PARIS — Coming into the season, Oxford Hills girls’ basketball coach Nate Pelletier said that he hoped freshman Julia Colby would be able to take over some of the minutes at point guard so that Erin Morton could spend more time at shooting guard.

Colby has done that, and then some. She has started all three games at the point for the Vikings (3-0), and played well enough that Pelletier said, “I would assume that she’s got that spot locked down.”

Through three games, Colby was Oxford Hills’ co-leader in scoring, along with Jadah Adams, with an average of 11.3 points per game.

“She’s the real deal. She can play basketball,” Pelletier said. “She makes freshman mistakes at times, but, you know what, everybody does.”

Colby scored a season-high 15 points in Oxford Hills’ 44-31 win over Edward Little on Tuesday.

She made some big buckets for the Vikings. A 3-pointer as part of an 8-1 run late in the first half that turned a four-point lead into 11 points. Early in the third quarter, she floated a layup over EL’s 6-foot post Jordyn Reynolds. When the Eddies cut the lead to seven points, Colby took back momentum by driving the lane for a layup. Later she made a layup off an inbounds play, and soon after hit a pair of free throws.

“That I’m scoring quite a bit,” Colby said is the most surprising part so far of her transition to high school basketball.

Pelletier saw Colby coming. Her sister, Jayden, played for the Vikings until graduating earlier this year. So he knew about Julia. And he anticipated Jayden’s little sister would make a quick impact.

“She’s played a lot of basketball,” Pelletier said. “She’s a kid that just lives in the gym — whenever she can get in the gym, she’s in there shooting, working on her game.

“She’s played enough to be prepared (for the high school level). Her ball-handling skills are very strong, but she just knows the game. She’s really smooth with it.”

Colby said she plays basketball year-round, including high-level AAU ball.

“She’s gone and played some of the best kids in the nation,” Pelletier said. “What she’s seen in AAU basketball is comparable to what she’s seeing now.”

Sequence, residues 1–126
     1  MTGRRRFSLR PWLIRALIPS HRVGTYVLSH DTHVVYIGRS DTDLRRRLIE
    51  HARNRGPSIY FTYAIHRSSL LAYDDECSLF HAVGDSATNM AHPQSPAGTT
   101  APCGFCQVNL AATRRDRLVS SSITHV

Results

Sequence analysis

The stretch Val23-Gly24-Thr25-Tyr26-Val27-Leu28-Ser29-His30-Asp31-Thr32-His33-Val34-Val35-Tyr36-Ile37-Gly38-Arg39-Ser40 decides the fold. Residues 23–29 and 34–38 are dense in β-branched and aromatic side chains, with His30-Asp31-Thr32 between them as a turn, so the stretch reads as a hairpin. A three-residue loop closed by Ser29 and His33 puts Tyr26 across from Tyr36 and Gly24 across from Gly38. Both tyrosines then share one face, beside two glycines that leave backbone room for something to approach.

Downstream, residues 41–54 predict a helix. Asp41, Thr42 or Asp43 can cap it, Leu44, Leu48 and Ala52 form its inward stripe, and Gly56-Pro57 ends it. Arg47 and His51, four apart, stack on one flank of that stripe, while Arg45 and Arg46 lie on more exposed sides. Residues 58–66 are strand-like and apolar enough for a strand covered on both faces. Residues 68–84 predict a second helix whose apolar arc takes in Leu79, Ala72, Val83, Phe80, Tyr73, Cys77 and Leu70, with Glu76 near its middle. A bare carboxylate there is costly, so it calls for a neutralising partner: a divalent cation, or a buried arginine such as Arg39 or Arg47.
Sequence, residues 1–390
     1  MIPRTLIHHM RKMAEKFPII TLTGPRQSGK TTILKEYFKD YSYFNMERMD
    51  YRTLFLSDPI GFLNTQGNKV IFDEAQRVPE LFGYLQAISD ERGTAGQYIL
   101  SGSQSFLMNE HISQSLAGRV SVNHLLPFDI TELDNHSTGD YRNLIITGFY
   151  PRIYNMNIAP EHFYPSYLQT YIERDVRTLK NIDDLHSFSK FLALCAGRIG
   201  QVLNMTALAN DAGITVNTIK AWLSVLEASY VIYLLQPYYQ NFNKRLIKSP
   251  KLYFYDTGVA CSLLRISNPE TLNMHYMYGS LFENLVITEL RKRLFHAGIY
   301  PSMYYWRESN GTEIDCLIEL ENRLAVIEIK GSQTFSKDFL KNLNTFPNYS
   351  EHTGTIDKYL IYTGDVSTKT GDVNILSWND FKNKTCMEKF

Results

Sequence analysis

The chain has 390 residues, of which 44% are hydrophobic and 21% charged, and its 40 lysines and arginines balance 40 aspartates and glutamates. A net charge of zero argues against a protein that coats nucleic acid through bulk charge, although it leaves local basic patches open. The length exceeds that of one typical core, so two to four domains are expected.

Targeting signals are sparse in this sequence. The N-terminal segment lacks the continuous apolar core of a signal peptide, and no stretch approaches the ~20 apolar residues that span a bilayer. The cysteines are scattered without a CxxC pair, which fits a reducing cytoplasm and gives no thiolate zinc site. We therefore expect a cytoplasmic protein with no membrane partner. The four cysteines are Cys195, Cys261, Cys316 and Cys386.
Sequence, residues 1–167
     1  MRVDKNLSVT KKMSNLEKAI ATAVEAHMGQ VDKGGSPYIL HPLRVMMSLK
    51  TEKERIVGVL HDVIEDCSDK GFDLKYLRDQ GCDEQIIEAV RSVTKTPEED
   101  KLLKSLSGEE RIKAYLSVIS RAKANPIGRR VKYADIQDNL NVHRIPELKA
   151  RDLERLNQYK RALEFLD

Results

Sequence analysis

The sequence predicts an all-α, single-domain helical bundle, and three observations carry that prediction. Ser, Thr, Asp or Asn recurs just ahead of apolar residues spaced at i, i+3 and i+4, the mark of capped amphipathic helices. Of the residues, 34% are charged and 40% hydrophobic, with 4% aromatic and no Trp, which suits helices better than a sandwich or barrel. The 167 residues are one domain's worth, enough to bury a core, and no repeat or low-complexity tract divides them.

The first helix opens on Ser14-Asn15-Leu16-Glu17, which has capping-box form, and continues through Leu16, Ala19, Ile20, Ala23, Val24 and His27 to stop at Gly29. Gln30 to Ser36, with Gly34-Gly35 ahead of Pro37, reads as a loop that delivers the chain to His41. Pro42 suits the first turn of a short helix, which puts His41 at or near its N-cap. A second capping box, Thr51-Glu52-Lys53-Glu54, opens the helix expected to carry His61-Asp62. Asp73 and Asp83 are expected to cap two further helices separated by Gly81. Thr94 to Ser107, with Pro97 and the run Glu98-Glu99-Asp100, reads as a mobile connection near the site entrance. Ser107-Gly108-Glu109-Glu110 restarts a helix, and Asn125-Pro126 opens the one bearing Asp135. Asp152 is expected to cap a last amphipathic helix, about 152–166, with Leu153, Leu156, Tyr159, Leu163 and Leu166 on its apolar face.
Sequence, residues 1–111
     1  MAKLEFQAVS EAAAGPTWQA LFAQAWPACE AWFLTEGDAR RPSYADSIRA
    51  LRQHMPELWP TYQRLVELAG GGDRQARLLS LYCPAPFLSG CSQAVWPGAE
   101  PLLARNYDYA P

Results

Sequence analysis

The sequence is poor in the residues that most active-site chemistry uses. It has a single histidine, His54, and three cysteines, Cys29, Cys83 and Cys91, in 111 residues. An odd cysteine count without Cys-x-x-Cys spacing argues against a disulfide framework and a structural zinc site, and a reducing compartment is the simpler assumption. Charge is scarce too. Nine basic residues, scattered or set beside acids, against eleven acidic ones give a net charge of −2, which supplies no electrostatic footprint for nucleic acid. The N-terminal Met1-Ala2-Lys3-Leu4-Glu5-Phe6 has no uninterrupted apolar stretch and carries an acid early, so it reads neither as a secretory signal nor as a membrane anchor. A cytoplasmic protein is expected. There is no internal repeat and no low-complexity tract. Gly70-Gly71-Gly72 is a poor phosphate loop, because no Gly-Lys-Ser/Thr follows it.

There still has been an adjustment to the size of speed at the high school level.

“It’s a lot harder, but I’m getting used to it,” Colby said.

Of course, she is still a freshman. And, as Pelletier said, “she makes freshman mistakes at times.” Although Colby is catching on faster than a typical freshman, there’s still an unavoidable learning process.

Take, for instance, that floater over Reynolds in the third quarter. On a similar play later in the game, Colby again challenged Reynolds, one of the top players in the state. This time, Reynolds swatted the ball.

“She did it again right at the end and got blocked,” Pelletier said, “and we had to have the conversation of, hey, listen, now the time in the game is you’re not going to take that shot, because we’re going to take some time off (the clock).”

Jayden Colby was a forward who had the skills to also be effective in the post. Julia Colby, meanwhile, is a point guard, through and through. She was responsible for navigating Edward Little’s press Tuesday. She wasn’t perfect, but she wasn’t rattled, either.

“As a freshman, even some of the older kids look to get her the ball. She’s a calming influence. They’re very confident in her ball-handling,” Pelletier said.

“She has no fear out there. She doesn’t show a lot of emotion. There are a lot of ups and downs in basketball, and if your emotions take over, that’s not great. She’s always even-keeled.”

Only subscribers are eligible to post comments. Please subscribe or to participate in the conversation. Here’s why.

Use the form below to reset your password. When you've submitted your account email, we will send an email with a reset code.